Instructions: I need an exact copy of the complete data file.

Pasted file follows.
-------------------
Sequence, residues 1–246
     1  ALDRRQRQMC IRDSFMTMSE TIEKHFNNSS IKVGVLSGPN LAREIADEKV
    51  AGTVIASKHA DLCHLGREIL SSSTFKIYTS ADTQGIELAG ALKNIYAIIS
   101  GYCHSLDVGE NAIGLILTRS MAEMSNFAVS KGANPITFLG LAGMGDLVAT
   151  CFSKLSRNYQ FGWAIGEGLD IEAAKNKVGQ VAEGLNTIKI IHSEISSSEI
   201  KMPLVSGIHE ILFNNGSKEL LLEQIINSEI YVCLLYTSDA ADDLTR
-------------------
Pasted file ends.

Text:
Sequence, residues 1–246
     1  ALDRRQRQMC IRDSFMTMSE TIEKHFNNSS IKVGVLSGPN LAREIADEKV
    51  AGTVIASKHA DLCHLGREIL SSSTFKIYTS ADTQGIELAG ALKNIYAIIS
   101  GYCHSLDVGE NAIGLILTRS MAEMSNFAVS KGANPITFLG LAGMGDLVAT
   151  CFSKLSRNYQ FGWAIGEGLD IEAAKNKVGQ VAEGLNTIKI IHSEISSSEI
   201  KMPLVSGIHE ILFNNGSKEL LLEQIINSEI YVCLLYTSDA ADDLTR